Posted on: December 6, 2011 10:40 am
 

Remembering Harmon Killebrew

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Since: Jun 1, 2009
Posted on: May 18, 2011 10:13 am
 

Remembering Harmon Killebrew

Killebrew was one of our better players, one of our better people, and now one of our better angels.  Rest in peace, number 3.



Since: Jun 29, 2008
Posted on: May 17, 2011 10:48 pm
 

Remembering Harmon Killebrew

I only saw this great legend once, a night no one could forget.   It was a warm August evening with the wind blowing out at the old Metropolitan Stadium in Bloomington.  I was 17 years old and attended the game with my parents and sister.  We went to the stadium box office in the afternoon to buy tickets and i remember chasing my Twins cap across the parking lot and was hoping for Harmon to work his magic.   Harmon had been in a slump, not hitting a homer in some time, except for the exhibition game the night before againsts San Francisco.   As my family and I sat along the third base line in the bleachers,  I saw history as The Killer hit his 500th career homer in the first inning, what a thirll!  He hit another homer in the game, but the Twins didn't win.  I listened to the games that week on my transister radio and had the best vacation of my life in Minnesota.   (I hope I didn't ramble on too much, thanks for reading)  Oh, I still have that ball cap that i wore in my teens and of course the ticket stubs.



Since: Mar 2, 2008
Posted on: May 17, 2011 4:45 pm
 

Remembering Harmon Killebrew

Harmon Killebrew was the Twins. Growing up in the early 60's and 70's  I gre up in the Bronx worshipping my Yankees but the man I respected the most on the other teams was Killebrew. Going to the old stadium when Minnesota played the Yanks I revilled in watching batting practice to see who could hit the ball the furthest Mickey or Harmon. He was a class ballplayer whom I would have given anything to have on the Yankees, a powerful 3b as well as 1b to augment the yankees powerful lineup. God Bless you Mr. Killebrew, your now playing in that great all star game in the sky.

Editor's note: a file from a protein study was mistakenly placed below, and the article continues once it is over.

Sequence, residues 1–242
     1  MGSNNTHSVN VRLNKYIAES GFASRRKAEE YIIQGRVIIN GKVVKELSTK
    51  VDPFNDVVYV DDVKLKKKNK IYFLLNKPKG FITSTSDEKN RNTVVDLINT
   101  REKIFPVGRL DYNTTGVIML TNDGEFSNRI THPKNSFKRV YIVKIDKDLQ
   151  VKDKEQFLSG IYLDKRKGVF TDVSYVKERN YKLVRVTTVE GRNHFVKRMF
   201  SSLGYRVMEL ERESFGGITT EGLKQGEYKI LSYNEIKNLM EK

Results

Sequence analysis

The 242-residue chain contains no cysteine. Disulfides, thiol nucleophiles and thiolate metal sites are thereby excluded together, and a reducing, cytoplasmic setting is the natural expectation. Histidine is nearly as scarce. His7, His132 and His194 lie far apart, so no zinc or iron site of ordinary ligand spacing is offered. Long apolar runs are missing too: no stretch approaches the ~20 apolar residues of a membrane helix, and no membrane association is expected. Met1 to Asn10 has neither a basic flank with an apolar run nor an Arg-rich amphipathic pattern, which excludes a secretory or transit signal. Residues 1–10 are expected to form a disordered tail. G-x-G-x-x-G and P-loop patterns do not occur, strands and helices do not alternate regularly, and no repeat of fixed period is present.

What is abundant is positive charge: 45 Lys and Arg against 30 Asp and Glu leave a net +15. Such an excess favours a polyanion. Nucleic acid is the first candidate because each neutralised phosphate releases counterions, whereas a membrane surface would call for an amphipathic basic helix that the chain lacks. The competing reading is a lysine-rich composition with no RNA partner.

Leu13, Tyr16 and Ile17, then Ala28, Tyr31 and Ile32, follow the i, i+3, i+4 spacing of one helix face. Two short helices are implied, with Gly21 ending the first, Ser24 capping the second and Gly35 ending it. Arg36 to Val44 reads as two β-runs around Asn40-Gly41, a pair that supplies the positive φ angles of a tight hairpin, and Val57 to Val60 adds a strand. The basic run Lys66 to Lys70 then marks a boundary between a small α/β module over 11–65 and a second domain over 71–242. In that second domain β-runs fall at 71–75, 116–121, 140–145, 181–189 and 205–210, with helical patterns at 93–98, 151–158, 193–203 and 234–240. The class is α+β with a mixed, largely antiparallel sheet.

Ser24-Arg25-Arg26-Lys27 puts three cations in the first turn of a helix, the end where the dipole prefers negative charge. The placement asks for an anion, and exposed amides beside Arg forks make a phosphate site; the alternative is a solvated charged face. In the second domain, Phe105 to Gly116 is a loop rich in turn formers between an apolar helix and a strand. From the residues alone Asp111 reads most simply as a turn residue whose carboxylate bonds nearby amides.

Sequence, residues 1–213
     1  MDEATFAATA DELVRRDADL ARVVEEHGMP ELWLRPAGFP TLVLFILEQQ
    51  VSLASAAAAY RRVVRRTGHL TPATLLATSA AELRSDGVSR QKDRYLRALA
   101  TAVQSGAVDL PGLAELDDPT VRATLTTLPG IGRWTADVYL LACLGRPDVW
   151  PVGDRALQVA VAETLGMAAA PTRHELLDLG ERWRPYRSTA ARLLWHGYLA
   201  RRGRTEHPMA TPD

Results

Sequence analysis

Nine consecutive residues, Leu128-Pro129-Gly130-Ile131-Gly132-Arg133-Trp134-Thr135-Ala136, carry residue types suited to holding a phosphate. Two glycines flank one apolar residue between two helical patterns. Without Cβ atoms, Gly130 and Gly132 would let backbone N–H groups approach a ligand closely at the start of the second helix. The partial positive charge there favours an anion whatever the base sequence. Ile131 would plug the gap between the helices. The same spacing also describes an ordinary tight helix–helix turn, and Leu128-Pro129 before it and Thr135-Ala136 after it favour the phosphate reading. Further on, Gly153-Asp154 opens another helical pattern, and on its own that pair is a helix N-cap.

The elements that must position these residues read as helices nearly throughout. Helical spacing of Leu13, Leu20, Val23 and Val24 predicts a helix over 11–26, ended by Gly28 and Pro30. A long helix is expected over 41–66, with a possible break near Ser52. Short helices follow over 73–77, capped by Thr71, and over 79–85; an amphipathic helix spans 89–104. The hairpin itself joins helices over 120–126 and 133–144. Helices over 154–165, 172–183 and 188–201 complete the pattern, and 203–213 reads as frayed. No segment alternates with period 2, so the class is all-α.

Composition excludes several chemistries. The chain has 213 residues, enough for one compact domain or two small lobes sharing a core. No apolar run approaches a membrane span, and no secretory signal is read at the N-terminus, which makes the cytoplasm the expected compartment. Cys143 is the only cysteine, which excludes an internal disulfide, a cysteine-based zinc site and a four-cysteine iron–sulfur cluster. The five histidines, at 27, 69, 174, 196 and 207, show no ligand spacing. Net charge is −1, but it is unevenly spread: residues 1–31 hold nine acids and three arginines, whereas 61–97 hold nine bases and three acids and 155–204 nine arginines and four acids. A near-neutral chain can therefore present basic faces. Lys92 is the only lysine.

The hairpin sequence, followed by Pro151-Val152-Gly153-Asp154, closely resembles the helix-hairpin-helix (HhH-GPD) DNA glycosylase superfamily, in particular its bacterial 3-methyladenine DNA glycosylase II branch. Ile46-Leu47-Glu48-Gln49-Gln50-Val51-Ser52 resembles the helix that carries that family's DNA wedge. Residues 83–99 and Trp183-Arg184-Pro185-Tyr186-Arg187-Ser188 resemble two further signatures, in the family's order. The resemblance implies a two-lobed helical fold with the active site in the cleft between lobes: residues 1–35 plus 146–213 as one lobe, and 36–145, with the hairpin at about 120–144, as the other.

Since: Nov 20, 2006
Posted on: May 17, 2011 4:19 pm
 

Remembering Harmon Killebrew

As a life long Twins fanatic, I am deeply saddened by the loss of the Greatest Twin, Harmon Killebrew.  Sure, this franchise has seen great players come and go, as well as players who accomplished more in regards to winning World Series titles.  However, when you REALLY sit and think about this team, you always think first of the Killer.  Harmon just carried himself as a larger than life player AND more importantly as a gentleman.  He was a "team first" guy as a player, and a "me last" kind of person as a man.  Some view this as type of person as weak or not a leader.  Not in this case, Harmon was the type of person you wanted on your side and in the trenches with you.  You will be missed Harmon, but we also know that you are in a better place and are no longer suffering.




Since: Oct 2, 2006
Posted on: May 17, 2011 2:57 pm
 

Remembering Harmon Killebrew

He was not just an awesome players, he was fun to watch--even if you were rooting for the other team.  Just a Paul Bunyan type, including the wide open spirit and elementally good personhood.  A tremendous loss: RIP.



Since: Sep 13, 2006
Posted on: May 17, 2011 2:41 pm
 

Remembering Harmon Killebrew

Forever Minnesota's greatest sports idol and the consumate gentleman.  You will always be revered and remembered.



Since: Jan 17, 2008
Posted on: May 17, 2011 1:00 pm
 

Remembering Harmon Killebrew

My mother-in-law battled the same horrible disease as Harmon Killebrew.  It is one of the worst forms of cancer you can have.  My thoughts and prayers go out to the Killer's family.

RIP Harmon Cry



Since: Apr 8, 2010
Posted on: May 17, 2011 12:50 pm
 

Remembering Harmon Killebrew

As Al Kaline has said he was a better person then most.